SES creates historical pumpkin patch

Published 3:36 pm Thursday, October 25, 2012

Jade Pate, Christian Headley, Landen Lawrence, Hannah Jackson and Laci Kelley show off their decorated pumpkins at Shelby Elementary. (Reporter photo/Christine Boatwright)


SHELBY – The gourd-y, orange-tinted likenesses of Pocahontas, Albert Einstein and George Washington peered from library shelves at Shelby Elementary School after the third grade classes decorated pumpkins as a class project.

Third grade teachers Kristal Lawrence and Lisa Carden instructed their 36 third graders to choose biographies for their October book club. After reading the books, the students dressed up pumpkins at home to represent each student’s person of choice. Finally, students showed off their creations and presented on their biographies to both classes.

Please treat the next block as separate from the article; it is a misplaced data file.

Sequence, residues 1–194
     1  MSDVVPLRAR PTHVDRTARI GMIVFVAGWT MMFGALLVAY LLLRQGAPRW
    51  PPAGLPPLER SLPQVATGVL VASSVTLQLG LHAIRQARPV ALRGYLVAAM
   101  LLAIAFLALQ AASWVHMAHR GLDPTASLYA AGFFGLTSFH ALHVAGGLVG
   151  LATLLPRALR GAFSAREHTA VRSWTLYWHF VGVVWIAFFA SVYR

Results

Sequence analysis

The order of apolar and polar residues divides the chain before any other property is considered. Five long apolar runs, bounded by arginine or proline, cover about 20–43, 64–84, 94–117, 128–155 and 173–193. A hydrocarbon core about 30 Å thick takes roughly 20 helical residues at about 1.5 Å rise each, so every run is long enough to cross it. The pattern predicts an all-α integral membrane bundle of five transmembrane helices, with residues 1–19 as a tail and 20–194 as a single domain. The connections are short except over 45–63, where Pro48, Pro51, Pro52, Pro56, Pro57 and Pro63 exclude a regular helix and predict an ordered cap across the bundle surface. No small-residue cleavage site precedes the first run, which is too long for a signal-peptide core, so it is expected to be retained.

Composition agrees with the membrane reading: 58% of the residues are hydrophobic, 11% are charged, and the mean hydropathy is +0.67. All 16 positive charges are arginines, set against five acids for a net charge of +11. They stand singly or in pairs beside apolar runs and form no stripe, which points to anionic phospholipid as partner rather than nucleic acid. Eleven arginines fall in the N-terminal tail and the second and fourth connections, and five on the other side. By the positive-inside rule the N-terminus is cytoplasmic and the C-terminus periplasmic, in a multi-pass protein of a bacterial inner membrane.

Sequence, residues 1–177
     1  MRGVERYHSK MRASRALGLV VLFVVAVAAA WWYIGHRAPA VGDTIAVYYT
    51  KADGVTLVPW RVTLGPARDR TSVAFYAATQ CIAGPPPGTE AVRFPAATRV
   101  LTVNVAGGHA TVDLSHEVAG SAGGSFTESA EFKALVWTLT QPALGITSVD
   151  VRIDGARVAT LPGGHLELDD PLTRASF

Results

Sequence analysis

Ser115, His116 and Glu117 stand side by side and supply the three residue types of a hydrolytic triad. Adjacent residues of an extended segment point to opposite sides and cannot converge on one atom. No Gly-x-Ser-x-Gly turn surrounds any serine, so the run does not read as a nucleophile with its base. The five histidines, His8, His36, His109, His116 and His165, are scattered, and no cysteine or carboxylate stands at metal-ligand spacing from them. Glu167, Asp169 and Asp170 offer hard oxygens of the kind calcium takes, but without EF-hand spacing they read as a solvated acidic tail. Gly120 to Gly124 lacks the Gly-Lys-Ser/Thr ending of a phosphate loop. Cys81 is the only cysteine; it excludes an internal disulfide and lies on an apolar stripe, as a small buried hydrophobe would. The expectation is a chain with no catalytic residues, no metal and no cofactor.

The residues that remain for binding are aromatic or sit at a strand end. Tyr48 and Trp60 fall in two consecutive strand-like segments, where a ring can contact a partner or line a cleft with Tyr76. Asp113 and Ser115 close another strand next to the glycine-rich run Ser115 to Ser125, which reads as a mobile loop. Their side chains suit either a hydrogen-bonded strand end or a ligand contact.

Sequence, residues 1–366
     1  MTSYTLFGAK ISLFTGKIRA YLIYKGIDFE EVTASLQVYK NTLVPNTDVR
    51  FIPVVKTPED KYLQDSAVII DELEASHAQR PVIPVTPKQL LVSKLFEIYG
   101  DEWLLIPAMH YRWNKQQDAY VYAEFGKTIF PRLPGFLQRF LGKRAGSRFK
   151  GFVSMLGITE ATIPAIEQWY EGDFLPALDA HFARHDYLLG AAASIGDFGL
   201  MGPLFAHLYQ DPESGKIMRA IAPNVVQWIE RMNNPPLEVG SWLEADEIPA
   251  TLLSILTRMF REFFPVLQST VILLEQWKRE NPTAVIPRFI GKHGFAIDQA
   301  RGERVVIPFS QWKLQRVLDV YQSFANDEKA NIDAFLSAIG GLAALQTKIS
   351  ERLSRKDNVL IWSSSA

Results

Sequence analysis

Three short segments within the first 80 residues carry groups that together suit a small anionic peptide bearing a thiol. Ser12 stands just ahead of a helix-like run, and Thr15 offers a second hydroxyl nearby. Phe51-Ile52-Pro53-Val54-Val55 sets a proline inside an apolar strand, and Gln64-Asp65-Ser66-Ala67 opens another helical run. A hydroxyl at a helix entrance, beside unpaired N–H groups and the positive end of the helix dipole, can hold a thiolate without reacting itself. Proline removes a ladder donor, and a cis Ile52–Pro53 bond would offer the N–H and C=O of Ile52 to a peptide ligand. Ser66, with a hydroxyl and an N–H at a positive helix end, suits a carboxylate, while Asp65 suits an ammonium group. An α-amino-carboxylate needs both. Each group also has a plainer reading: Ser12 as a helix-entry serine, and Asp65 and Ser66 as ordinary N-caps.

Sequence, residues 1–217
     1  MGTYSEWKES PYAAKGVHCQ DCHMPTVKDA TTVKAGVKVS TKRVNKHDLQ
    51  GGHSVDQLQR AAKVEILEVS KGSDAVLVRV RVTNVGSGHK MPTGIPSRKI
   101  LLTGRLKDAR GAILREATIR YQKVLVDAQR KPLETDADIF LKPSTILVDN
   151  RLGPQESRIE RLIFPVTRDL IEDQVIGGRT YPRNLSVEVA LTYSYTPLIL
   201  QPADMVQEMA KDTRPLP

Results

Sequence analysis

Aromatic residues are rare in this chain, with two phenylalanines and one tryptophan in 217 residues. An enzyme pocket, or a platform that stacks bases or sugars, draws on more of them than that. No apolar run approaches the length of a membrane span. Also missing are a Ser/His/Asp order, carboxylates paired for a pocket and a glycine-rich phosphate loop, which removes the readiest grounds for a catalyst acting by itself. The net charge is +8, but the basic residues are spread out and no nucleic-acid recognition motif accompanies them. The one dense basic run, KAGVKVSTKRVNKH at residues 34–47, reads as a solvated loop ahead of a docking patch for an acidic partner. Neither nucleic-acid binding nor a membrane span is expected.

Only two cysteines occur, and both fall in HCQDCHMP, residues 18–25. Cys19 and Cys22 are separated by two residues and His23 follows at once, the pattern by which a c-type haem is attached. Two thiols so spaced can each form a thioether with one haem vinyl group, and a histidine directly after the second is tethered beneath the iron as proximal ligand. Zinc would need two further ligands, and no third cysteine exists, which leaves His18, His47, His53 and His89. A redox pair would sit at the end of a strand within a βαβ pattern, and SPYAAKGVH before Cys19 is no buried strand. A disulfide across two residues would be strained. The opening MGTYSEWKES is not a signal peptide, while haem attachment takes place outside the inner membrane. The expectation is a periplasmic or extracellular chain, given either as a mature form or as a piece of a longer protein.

Lawrence said giving oral presentations helps her students build confidence.

“I’m proud they got up in front of everybody,” she said.

Third grader Hannah Jackson chose to learn about Sacagawea because her grandmother is interested in the historical character. Jackson’s pumpkin included a “baby” pumpkin to represent how Sacagawea died while having a baby.

Christian Headley read about Amelia Earhart, and gave his pumpkin flight goggles and a full body.

Laci Kelley said she found Pocahontas “very interesting” when her dad told her the “real story” about how at 18, she was baptized and became a Christian.

Landen Lawrence, Kristal Lawrence’s son, learned that he shares his Sept. 11 birthday with Paul “Bear” Bryant. His pumpkin was complete with a Bear Bryant portrait and houndstooth fedora.

The inventor of the atomic bomb, Albert Einstein, caught Jade Pate’s eye.

“I picked him because I like scientists,” she said, holding up her painted pumpkin with a large tuft of hair.

The students also created posters in class full of facts and pictures of their chosen historical figures.

“We tried to have them pick someone they didn’t know much about,” Lawrence said. “We wanted them to learn new information rather than picking someone they already knew about.”